Of all the films in Anthology Film Archives’ terrific “Woman with a Movie Camera” series, Elvira Notari’s 1922 The Holy Night perhaps provides the easiest gloss on the series’ purpose and direction. Just like Dziga Vertov’s seminal Man with a Movie Camera, although preceding that unique cinematic experiment, Notari’s film celebrates the modernity of cosmopolitan life, fearlessly experiments with editing, and never lets the audience forget that the camera is the eye as the audience bears witness to patriarchal oppression, a possible murder, and one of the most outlandish love triangles in silent cinema.
In the opening shot of The Holy Night, a group of people are playing cards as a shoe shiner pushes by, leaving almost as quickly as he enters the frame. Notari’s tinted blue frame and her penchant for resonant visual detail allows the audience not to forget the shoe shiner, foreshadowing his importance. The film establishes a love triangle between Nanniella, abused by her drunken father; Tore, the heartthrob of the film; and Carducci, its consummate villain—yet it is the shoe shiner comes to Nanninella’s rescue. After Tore is convicted for murdering Nanninella’s drunkard father (in reality, the latter fell off a hill in a drunken stupor), the shoe shiner sets out to prove Tore’s innocence. In a matching close-up between the shoe shiner and Nanninella—one of Notari’s devices for generating silent melodrama—he tells her that Carducci wants her all to himself. Their mutual heroism demonstrates Notari’s desire to produce drama out of an incisive outlook on social inequality. In this case, one of our heroes is a woman abused by her father and society, belittled because she never makes enough to buy her father the alcohol he demands, and sexually harassed by customers in the café. The other is a poor boy in rags barely recognized by the other characters of the film until he gives himself a voice and asserts himself in Nanninella’s love life.
The scholar Giuliana Bruno, in her book Streetwalking on a Ruined Map: Cultural Theory and the City Films of Elvira Notari, substantively connects these character traits to the patterns of the later Neorealist movement in Italian cinema: films like The Holy Night, she writes, “demonstrate that a cultural formation traditionally known as realism is present as well as rooted in Italian cinema from its beginnings: it is the recurrence and frequency of a filmic discourse attentive to, and inscribed within, the social network of the urban environment.” By transforming Nanninella and the shoe shiner into the heroes of her narrative, forcibly breaking out of society’s hierarchical constructions, Notari alludes to an idealized Italy, one without women in metaphorical chains, where torment isn’t romanticized, and where members of the lower class are seen as more than just creatures.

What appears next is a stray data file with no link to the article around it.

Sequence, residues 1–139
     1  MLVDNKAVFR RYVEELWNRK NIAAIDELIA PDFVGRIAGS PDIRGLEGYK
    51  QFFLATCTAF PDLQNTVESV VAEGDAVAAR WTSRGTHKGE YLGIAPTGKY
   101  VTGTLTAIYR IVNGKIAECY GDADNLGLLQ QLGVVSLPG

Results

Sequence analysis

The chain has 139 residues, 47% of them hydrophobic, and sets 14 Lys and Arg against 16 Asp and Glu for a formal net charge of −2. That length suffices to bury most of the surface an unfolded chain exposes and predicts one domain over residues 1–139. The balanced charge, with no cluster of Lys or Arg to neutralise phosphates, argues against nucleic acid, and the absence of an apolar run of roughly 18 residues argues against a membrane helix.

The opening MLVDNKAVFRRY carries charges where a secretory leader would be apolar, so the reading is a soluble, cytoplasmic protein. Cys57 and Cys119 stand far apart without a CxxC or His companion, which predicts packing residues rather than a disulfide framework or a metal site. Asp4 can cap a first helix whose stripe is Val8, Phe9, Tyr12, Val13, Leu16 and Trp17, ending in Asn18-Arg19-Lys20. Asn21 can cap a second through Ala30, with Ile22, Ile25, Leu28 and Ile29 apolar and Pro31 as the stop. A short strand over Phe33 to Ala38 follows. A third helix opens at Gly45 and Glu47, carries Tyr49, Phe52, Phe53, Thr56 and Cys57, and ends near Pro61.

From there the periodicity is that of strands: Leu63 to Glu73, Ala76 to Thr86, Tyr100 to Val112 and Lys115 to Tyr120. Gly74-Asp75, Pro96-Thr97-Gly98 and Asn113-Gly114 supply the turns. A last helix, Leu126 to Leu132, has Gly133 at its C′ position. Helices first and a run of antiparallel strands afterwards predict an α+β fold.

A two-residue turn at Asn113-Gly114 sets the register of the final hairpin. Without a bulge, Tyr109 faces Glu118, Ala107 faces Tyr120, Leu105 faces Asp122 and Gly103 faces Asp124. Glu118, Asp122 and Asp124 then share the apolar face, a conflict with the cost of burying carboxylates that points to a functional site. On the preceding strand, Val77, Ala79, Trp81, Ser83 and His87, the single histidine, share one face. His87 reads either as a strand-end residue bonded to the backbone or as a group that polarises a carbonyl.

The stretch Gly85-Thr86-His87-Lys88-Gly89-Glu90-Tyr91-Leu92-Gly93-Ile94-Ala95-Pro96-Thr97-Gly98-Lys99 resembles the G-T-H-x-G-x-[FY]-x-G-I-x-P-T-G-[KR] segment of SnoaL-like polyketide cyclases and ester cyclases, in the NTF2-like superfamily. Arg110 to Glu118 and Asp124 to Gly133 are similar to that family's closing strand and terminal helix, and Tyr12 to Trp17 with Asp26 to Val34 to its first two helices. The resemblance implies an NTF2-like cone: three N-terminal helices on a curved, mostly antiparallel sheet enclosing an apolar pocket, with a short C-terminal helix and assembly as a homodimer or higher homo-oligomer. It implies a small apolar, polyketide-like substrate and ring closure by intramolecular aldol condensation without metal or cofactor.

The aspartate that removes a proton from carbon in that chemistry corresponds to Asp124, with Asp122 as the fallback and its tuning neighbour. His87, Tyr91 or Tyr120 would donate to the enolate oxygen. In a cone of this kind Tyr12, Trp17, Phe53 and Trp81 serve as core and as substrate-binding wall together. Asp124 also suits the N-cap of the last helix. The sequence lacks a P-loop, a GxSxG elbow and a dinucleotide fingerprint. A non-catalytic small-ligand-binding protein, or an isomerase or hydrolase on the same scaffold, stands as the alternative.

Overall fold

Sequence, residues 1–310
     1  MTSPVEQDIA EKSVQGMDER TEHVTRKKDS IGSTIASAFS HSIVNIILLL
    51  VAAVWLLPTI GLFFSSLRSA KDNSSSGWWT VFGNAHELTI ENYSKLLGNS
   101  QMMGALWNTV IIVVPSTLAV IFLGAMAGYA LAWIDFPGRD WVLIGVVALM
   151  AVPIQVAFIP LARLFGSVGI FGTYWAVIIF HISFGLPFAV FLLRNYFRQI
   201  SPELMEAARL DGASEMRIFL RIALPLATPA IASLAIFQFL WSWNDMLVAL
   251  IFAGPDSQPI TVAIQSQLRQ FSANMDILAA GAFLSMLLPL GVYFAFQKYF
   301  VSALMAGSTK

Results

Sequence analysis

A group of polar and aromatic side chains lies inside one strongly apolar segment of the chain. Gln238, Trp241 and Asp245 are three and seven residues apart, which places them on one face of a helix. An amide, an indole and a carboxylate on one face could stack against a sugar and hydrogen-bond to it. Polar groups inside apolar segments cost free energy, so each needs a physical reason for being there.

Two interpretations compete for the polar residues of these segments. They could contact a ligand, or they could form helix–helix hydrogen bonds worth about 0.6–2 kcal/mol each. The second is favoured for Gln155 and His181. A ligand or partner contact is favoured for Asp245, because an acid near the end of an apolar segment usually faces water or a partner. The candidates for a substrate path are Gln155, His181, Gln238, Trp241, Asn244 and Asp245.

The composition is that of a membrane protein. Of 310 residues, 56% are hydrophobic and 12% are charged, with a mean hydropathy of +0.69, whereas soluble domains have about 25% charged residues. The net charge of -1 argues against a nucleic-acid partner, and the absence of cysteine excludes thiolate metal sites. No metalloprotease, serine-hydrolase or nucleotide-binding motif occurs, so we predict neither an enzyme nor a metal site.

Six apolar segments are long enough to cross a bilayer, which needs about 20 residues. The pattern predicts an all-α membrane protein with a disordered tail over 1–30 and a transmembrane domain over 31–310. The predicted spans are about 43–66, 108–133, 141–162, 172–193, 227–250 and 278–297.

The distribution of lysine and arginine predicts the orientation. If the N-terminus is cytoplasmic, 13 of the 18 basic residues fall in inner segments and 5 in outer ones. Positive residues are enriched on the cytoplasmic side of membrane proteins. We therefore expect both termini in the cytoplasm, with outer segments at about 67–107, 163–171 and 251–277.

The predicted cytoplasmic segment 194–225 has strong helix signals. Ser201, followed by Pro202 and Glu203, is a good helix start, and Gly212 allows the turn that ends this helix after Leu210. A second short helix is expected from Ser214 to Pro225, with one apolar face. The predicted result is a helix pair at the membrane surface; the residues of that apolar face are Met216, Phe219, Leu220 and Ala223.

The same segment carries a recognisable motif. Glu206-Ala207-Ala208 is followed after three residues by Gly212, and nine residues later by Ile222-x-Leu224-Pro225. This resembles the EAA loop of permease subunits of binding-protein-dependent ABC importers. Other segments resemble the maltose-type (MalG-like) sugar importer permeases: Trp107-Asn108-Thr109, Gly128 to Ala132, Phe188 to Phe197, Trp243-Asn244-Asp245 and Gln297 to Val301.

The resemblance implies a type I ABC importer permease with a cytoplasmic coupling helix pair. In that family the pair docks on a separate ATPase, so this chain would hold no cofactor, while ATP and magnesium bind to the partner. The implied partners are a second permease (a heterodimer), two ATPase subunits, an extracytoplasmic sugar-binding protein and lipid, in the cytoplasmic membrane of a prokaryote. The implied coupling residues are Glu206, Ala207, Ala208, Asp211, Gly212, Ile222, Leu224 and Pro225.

Notari depends on a wide array of cinematic techniques to formalize this vision. Most striking among them is her use of panoramic shots to externalize the infatuation Tore and Nanninella have for each other, the rocks and sea forming an expressive backdrop as the lovers cling restlessly onto one another. The ubiquitous rocks and waves of the film’s environment are no mere topographical detail, but provide a contemplative space for the audience to pause and consider the characters’ relationship. Tore and Nanninella’ relationship is defined from the outset as built upon anguish, with Tore falling for Nanninella because she “seems like a Madonna in chains” and a “celestial creature of the night”—observations he notes as he watches this woman get beaten by her drunken father. Love, we see, is constantly impinged upon or circumscribed by real, physical violence. This same intrusion of violence onto intimate relationships is repeated as Nanninella kisses the villain Carlucci on a ledge romantically overlooking the sea, the backdrop uncannily similar to that in which Nanninella and Tore found themselves, from the placement of the rocks to the choppy rhythm of the waves. “That’s the thrill of passion that resounds in me. I’m a new woman!” Nanninella exclaims. Both her putative lovers are almost as identical as the Neapolitan backdrop that frames their passions: self-absorbed, condescending, and determined to win over Nanninella even while violence is done to her person. There’s a sense of unease inherent in the narrative architecture of Notari’s films: since Tore is the only one of the two who didn’t frame someone for murder, he is deemed the better fit and the audience’s sympathies are swiftly directed toward him, nasty qualities notwithstanding.
At Nanninella and Carducci’s wedding—all part of her ploy to prove Tore’s innocence—Nanninella hears a song that reminds her of Tore and she begins to rock back and forth in a trance, saying, “That song reminded me of a past that was not yet dead and gone.” One could apply this beguiling effect to the entirety of The Holy Night. The audience is reminded of a world of true silence where not even a lone piano accompaniment attends to the fierce passions, poetic intertitles, and melodramatized setting at the film’s center—a reminder of a past that, for its voluminous expression in this film, is not yet gone.
On September 17th and September 23rd, Elvira Notari’s The Holy Night screened as part of the Woman with a Movie Camera series at Anthology Film Archives.